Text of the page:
The new public protector says she will leave the dispute over the state capture report prepared by h.
For decades, the wait for the matric results has generated a sense of excitement and suspense. More so the day before their release as the anxiety and eagerness among the waiting pupils and parents reach fever pitch.
With the dissemination of the matric results through the media and electronic media, technology made this information accessible throughout the country during the festive season almost immediately.
Sadly that tradition might be a thing of the past, if changes proposed by the Education Department become a reality. The department is considering changing the way results are released - including a possible ban on the publishing of results in papers and electronic media, according to a report published in The Star yesterday.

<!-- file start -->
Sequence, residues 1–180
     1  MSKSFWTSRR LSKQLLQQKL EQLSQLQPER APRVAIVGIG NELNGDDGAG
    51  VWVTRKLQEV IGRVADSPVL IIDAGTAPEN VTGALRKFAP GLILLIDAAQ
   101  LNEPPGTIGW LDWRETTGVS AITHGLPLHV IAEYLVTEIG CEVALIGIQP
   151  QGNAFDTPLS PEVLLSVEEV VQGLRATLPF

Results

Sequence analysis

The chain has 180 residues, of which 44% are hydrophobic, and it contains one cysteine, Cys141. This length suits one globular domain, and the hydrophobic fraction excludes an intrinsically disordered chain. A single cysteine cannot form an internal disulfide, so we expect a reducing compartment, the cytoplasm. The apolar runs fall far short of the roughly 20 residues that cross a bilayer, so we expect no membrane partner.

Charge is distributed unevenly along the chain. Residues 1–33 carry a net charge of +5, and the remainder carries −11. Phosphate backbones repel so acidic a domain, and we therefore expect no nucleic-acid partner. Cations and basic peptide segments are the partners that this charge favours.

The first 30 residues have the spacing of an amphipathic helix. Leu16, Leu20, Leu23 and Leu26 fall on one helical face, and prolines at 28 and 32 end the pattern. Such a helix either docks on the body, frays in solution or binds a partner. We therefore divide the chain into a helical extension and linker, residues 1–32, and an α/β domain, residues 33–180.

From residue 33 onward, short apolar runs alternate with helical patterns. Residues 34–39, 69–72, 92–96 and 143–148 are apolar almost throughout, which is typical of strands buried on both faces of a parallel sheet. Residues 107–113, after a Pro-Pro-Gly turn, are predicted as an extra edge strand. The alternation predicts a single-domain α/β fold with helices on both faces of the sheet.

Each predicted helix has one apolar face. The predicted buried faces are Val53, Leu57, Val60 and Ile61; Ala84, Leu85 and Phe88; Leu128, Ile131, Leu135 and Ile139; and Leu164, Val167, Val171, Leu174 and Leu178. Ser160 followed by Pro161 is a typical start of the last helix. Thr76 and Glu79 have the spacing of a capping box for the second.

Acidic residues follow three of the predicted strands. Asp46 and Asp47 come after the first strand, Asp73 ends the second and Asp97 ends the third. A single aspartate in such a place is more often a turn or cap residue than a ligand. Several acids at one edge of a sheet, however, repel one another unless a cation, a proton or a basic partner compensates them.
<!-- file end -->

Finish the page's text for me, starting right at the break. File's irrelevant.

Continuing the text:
Prompting the ban apparently is the hype surrounding the release of results, including the booze parties attended by matric pupils. The department also cites the incident in which a matric pupil committed suicide after learning in papers that she had failed - when she had in fact passed.
The reality is that matric is an important milestone in the academic life of a pupil - being both a gateway to adulthood and tertiary education.
So the solution to the problem lies not in a media ban but the publication of a disclaimer with the results, cautioning the public that the full record of the outcome would be available at schools.